Periodical Reviews -- By: Anonymous
BSac 153:609 (Jan 96) p. 104
“The Hermeneutics of Annihilationism: The Theological Method of Edward Fudge,” Robert A. Peterson, Presbyterion 21 (1995): 13-28.
Recently several evangelicals, including John Stott, Philip Hughes, John Wenham, Clark Pinnock, and Edward Fudge, have rejected the view that the unsaved will suffer eternal divine wrath in hell. They have all embraced some variant of annihilationism, the view that the unsaved cease to exist after they are resurrected to face final judgment. Although not in the public eye so much as Stott and the others, Edward Fudge has authored the most comprehensive modern scholarly works on the topic, and behind the scenes he is a major force in the annihilationist camp.
Peterson criticizes Fudge’s method under five rubrics.
1. Misuse of the Old Testament. Many Old Testament passages that use the “vocabulary of judgment” speak of earthly temporal judgment. Fudge alleges that this same vocabulary is used in reference to eternal annihilation. Fudge then reads his Old Testament theology into critical New Testament passages. Old Testament temporal imagery thus controls New Testament doctrine about eternal destiny.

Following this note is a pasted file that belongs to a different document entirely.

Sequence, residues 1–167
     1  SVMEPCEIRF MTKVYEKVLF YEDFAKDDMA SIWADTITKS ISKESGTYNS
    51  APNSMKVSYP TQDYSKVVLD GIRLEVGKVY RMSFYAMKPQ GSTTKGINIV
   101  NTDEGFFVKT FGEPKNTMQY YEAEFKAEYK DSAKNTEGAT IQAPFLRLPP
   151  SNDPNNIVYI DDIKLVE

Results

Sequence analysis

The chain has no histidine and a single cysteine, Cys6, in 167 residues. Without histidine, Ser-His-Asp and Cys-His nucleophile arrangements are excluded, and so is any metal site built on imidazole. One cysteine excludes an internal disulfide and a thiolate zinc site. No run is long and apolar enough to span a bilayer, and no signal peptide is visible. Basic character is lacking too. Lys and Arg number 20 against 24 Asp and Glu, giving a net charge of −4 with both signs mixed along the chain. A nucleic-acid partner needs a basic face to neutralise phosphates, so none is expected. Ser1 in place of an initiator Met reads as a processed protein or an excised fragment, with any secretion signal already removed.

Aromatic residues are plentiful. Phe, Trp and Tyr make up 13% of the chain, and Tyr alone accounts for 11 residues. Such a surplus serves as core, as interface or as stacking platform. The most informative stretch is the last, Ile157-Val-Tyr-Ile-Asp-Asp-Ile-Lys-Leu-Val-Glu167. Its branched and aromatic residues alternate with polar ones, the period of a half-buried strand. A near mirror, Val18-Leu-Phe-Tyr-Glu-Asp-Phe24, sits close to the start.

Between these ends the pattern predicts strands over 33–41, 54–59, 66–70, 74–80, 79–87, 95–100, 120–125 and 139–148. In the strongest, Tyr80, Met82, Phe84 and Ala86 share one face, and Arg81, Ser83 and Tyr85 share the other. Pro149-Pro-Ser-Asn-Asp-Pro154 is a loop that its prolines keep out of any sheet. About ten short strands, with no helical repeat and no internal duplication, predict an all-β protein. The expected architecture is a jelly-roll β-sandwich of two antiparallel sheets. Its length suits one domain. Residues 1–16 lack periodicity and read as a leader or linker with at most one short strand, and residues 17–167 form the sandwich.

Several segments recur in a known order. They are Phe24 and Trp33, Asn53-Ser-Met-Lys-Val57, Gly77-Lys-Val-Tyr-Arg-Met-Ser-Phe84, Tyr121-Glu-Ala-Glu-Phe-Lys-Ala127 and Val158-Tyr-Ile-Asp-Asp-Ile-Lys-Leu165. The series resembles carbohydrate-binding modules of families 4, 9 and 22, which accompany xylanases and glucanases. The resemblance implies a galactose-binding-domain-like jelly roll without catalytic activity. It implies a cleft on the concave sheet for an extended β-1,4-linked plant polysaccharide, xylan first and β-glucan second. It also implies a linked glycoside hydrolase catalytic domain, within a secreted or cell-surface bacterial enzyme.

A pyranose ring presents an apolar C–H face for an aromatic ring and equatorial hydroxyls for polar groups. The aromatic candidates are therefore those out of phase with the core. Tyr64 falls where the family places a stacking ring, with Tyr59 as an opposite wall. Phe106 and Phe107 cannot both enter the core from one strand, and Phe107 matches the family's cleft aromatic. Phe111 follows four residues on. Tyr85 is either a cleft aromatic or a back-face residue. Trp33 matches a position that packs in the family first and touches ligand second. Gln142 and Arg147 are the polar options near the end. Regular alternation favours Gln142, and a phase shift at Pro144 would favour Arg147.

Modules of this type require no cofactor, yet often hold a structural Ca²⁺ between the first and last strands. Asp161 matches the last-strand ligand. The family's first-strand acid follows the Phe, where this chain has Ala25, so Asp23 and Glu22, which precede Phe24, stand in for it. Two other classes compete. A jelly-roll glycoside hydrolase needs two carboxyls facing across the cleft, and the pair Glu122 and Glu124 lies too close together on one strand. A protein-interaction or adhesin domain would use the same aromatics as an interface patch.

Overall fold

2. Disregard of Linguistic Canons. Fudge seeks to determine the meaning of terms in New Testament Greek by appealing to special uses of these terms hundreds of years earlier. Fudge also commits illegitimate totality transfer, that is, he seeks to transfer a term’s meaning from one context to another entirely different context. In general, Fudge violates standard canons of linguistic argumentation.
3. Avoidance of Opposing Arguments. Although Fudge discusses at length the main passages that support the traditional view of endless torment in hell (e.g., Matt 25:41, 46; Rev 14:9–11; and Rev 20:10, 15), he avoids the central issues in those passages. He fails to confront traditional arguments directly.
4. Logical Fallacies. Fudge is guilty of ad hominem and petitio principii fallacies.
5. Systematic and Christological Implications. Fudge alleges that Christ was annihilated on the cross, that is, His human nature ceased to exist. This seems to be a repudiation of Chalcedonian Christology
BSac 153:609 (Jan 96) p. 105
and it is the parade example of the extremes to which Fudge goes to seek to support his view of annihilationism.
Marvin T. Hunn
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